—Michael Adams, Award winning poet, author of Broken Hand and Steel Valley; member of The Free Radical Railroad

From the first poem to the last little phrase, "The miracle, of course, is that we are here," we are in the good company of poems that are milagros indeed, enviro-personal, and heart-thrown. This work is new to me and welcome aboard my psyche, and, I trust, yours as well.
      —Joan Logghe, author, editor, activist, and
Poet Laureate of Santa Fe, New Mexico

 

Shape of a Hill: poetry, prose poetry (November, 2005)

"Poetry with intelligence, hard-won wisdom, humor and humanity. Stewart S. Warren's long awaited collection is an invitation to see ourselves 'in the shiny mud,' to lean into one another, to get down on our knees and to enter the house of experience."
      —Rosemerry Wahtola Trommer, author of If You Listen and Insatiable

"Warren is a writer who sees deep into the heart of this world, a writer whose voice bounces off canyon walls and travels along rivers to their desert ends.  One can be sure that the echo of this poet's voice will always come back to the reader with clear, authentic and beautiful tones. It would seem that any moment or encounter is reason enough for Warren to take pen to paper and write heartfelt poems that linger with a reader the way all good art should.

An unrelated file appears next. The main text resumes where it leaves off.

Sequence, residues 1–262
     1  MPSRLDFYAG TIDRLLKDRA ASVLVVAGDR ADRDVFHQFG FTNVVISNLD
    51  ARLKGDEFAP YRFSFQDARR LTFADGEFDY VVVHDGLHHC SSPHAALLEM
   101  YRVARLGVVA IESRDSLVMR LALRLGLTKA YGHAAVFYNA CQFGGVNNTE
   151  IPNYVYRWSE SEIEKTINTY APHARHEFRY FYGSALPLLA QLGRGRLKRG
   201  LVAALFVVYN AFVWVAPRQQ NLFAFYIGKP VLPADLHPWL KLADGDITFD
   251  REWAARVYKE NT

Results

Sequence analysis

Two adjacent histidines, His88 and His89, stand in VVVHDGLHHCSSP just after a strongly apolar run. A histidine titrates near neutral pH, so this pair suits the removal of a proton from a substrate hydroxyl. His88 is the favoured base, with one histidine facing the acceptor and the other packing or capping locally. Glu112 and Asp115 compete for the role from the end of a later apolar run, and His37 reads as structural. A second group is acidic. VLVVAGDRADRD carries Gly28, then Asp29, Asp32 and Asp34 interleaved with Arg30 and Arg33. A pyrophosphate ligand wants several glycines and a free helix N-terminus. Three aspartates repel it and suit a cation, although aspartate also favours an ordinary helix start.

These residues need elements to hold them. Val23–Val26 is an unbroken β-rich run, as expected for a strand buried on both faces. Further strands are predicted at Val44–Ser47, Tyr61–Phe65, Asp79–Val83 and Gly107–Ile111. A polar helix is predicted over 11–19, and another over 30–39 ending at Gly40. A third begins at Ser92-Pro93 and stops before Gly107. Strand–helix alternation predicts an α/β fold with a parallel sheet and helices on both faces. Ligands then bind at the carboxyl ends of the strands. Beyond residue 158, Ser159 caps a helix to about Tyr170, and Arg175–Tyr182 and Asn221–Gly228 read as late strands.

Early in this collection Warren writes 'Everything has become an instrument.'  Perhaps there is no better description of these poems, these poems which echo through mountain ranges, New Mexican villages, the many colored skins of the earth and into flight with birds and then settle so nicely back down to earth with her people and their history.  Warren is a lover of all that the earth contains or lets go and these poems reflect that love."